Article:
Recount Ordered for Oz-McCormick Race. History Is Not on McCormick’s Side

NBC Philadelphia

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Dave McCormick, who trails Mehmet Oz by 902 votes in the Republican primary for U.S. Senate in Pennsylvania, faces long odds in passing Oz if history is any indication.

The Pennsylvania secretary of state announced Wednesday that all 67 counties must recount the ballots cast in the May 17 primary involving McCormick and Oz because the election results show the two are separated by less than 0.1% of the more than 1.3 million votes cast.

That’s well within the 0.5% threshold by which Pennsylvania election code requires a recount of all the votes.

“This automatic recount is intended to ensure that the count is accurate and that there is confidences in the results and outcome,” Pennsylvania Secretary of State Leigh Chapman said. “I thank everyone for their patience as we count every vote.”

Chapman said the counties will have from May 27 to June 7 to recount the votes in the Senate race. Counties must report their results by 12 p.m., June 8.

But despite the razor-thin margin separating Oz and McCormick, a national study of elections from 2000 to 2019 found only three instances in which the leader was overtaken by the second-place candidate. In each of those elections, the initial margin separating the candidates was much closer than the margin separating the candidates in the Republican primary this month.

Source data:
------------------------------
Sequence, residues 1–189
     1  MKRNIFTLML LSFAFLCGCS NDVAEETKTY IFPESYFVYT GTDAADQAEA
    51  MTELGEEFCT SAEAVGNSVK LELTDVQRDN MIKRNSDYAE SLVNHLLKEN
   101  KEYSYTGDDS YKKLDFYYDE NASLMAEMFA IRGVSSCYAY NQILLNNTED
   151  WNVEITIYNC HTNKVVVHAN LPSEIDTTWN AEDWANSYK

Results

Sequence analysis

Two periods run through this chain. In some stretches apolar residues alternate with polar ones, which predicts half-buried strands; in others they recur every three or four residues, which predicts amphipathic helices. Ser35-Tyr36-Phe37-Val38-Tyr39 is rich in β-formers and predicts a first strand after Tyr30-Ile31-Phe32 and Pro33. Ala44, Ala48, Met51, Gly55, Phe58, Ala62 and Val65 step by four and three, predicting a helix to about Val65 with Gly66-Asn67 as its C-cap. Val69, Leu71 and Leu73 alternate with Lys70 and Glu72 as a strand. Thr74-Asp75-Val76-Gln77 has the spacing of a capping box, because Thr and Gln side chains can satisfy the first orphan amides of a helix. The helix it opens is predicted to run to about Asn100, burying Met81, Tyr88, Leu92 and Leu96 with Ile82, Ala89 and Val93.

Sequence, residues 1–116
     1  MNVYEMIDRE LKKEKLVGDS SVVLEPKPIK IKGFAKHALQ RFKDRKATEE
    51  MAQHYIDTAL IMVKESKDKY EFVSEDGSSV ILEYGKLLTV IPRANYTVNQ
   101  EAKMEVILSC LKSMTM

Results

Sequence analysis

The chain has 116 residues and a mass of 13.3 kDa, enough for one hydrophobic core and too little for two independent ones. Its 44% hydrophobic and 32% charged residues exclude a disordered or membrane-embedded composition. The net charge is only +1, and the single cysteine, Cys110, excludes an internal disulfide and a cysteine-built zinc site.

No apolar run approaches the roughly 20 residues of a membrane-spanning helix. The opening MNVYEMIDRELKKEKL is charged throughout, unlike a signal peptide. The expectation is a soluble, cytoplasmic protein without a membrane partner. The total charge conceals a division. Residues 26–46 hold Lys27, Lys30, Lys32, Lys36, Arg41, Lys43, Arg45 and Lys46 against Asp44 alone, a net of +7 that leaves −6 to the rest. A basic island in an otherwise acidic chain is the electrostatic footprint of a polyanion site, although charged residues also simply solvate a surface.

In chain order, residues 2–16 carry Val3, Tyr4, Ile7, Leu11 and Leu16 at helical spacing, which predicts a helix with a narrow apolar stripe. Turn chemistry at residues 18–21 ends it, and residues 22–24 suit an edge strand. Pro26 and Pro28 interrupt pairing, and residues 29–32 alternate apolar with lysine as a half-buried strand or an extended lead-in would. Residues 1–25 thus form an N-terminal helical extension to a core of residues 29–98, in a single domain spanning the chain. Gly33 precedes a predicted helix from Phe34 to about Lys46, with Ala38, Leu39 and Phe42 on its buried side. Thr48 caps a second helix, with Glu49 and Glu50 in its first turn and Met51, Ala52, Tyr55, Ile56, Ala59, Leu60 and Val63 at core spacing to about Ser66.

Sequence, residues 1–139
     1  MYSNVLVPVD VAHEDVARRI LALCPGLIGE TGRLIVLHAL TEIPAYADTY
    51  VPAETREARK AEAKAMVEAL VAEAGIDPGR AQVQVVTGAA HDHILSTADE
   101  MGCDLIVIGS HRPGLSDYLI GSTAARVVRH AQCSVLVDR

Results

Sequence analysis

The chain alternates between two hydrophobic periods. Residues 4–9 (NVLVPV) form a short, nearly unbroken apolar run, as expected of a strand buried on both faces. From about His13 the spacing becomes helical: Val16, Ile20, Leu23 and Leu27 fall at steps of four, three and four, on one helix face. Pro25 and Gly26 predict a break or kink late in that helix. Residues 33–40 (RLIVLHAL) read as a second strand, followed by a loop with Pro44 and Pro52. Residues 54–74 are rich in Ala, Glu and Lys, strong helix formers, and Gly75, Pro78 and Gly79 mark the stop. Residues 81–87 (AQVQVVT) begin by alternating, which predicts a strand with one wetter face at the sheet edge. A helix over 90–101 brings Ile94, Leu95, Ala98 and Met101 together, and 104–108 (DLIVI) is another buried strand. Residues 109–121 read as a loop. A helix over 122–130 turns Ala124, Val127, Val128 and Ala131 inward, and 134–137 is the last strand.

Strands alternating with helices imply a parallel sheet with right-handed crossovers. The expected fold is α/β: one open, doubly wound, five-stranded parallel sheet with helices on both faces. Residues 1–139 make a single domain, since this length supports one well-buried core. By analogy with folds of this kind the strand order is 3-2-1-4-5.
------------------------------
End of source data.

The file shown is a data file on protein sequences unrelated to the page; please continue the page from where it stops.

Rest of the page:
“It is common to expect some votes to shift when you do a hand recount. In this case, the candidates are separated by about 1,000 votes and in this case, we should expect a shift of about 100 votes,” Deb Otis of FairVote said in an interview Wednesday. “It is possible, but certainly an uphill battle for David McCormick.”

Otis, who is senior research analyst at the nonpartisan organization, FairVote, is the author of a 2020 study that looked at the previous 20 years of statewide elections across the United States.

Only 31 times did a statewide race go to a recount. Of those, three saw the initial leader give up the advantage and lose the election, Otis said. Each had initial margins of less than 0.05%, her study found.

The difference between Oz and McCormick is about 0.09%.

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